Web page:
Europe has the resource to produce 100 times more energy from onshore wind farms than it currently does, if its untapped capacity were to be used, an analysis by the Universities of Sussex in the UK and Aarhus in Denmark has found.
The study, which looked at all suitable sites for wind farms on land, concludes that wind could theoretically give Europe the potential to supply enough energy for the whole world until 2050.
“The study is not a blueprint for development but a guide for policymakers indicating the potential of how much more can be done and where the prime opportunities exist,” said the study’s co-author Benjamin Sovacool, professor of energy policy at the University of Sussex.
“Obviously, we are not saying that we should install turbines in all the identified sites but the study does show the huge wind power potential right across Europe which needs to be harnessed if we’re to avert a climate catastrophe.”
If all of Europe’s capacity for onshore wind farms were to be developed, the installed nameplate capacity would amount to 52.5TW – or 1MW for every 16 European citizens, the study claims.
The researchers used a spatial analysis of geographical information system (GIS) based wind atlases to identify around 46% of Europe’s territory which would be suitable for siting onshore wind farms.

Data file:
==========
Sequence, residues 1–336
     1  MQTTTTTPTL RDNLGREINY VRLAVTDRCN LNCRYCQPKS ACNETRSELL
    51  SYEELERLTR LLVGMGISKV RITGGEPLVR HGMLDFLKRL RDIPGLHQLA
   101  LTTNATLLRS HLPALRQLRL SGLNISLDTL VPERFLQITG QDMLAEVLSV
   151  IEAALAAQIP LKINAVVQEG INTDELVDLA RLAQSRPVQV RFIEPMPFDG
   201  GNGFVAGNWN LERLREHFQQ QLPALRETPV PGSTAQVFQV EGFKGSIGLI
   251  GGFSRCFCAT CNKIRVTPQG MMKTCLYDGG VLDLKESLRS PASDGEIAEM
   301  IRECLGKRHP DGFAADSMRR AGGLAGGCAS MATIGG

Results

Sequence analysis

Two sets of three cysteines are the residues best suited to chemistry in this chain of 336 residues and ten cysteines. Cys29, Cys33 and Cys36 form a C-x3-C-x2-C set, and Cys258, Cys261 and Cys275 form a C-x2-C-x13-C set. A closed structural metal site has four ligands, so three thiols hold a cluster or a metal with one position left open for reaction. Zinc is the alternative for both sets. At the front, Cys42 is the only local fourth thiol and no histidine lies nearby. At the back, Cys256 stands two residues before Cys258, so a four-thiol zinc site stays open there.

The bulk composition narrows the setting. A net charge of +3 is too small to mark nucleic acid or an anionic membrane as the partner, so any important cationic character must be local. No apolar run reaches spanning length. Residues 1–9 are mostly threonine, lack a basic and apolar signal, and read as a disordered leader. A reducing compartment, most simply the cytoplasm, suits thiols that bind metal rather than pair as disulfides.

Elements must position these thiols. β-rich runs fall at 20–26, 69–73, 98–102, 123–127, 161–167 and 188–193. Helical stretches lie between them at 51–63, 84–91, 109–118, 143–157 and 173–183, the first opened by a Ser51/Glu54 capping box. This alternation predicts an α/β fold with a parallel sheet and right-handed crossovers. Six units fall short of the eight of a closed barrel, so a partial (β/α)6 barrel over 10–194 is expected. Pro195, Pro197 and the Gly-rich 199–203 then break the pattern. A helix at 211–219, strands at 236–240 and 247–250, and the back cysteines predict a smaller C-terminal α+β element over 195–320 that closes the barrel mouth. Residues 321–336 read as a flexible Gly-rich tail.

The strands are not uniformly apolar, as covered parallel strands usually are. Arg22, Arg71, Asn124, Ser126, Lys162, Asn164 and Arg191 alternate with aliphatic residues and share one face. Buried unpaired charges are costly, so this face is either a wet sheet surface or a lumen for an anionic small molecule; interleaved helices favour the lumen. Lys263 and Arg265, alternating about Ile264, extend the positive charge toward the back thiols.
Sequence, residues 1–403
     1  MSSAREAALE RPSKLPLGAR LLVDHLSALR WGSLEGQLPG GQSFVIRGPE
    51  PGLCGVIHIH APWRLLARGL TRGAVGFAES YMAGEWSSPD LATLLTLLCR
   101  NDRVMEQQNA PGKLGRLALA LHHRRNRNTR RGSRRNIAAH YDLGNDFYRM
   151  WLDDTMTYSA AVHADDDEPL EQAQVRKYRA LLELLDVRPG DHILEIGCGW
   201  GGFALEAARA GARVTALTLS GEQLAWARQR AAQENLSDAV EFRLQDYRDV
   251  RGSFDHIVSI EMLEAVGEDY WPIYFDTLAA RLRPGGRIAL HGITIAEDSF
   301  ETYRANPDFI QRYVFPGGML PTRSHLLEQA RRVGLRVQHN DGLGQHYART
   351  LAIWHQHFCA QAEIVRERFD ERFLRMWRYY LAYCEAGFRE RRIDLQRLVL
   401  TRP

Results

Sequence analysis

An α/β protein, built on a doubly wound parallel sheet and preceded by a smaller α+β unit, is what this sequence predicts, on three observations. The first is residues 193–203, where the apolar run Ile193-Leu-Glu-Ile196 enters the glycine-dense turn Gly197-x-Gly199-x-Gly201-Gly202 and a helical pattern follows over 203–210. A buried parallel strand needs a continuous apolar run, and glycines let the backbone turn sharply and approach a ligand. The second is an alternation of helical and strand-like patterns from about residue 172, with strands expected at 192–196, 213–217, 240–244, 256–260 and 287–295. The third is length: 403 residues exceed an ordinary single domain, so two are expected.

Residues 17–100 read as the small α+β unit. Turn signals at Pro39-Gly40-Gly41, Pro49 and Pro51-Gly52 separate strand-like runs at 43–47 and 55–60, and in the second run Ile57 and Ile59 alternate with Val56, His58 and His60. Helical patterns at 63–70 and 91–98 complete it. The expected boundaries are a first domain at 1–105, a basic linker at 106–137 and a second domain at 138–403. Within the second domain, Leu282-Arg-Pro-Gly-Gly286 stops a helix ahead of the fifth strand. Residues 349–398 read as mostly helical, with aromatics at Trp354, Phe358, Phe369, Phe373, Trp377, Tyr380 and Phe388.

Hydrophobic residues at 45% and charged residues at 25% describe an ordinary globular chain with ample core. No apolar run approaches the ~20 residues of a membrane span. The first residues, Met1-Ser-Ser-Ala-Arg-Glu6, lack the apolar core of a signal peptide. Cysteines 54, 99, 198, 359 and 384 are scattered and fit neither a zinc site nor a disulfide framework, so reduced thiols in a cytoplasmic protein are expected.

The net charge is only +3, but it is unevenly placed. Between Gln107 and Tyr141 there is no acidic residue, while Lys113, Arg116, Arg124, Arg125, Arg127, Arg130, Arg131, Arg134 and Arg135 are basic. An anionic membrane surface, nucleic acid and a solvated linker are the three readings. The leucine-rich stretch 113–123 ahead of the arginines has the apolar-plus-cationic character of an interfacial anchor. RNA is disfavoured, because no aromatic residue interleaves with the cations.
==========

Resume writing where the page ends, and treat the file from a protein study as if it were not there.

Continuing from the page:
The advanced GIS data at sub-national levels provided a far more detailed insight and allowed the team to factor in a far greater range of exclusionary factors including houses, roads, restricted areas due to military or political reasons as well as terrains not suitable for wind power generation, the researchers explain.
Due to the greater detail in this approach, the research team says it was able to identify more than three times the onshore wind potential in Europe than previous studies.
The authors, however, identified Turkey, Russia and Norway as having the greatest potential for future wind power density, although they also considered large parts of Western Europe ripe for further onshore wind farms because of favourable wind speeds and flat areas.
The wind industry in Russia is still in its infancy, though, as the government is only slowly starting to bet on renewables in a country with near-abundant fossil energy resources. Norway already is in the midst of an onshore wind boom that can only be sustained if a large volume of new electricity from wind will be exported as the country has only five million inhabitants.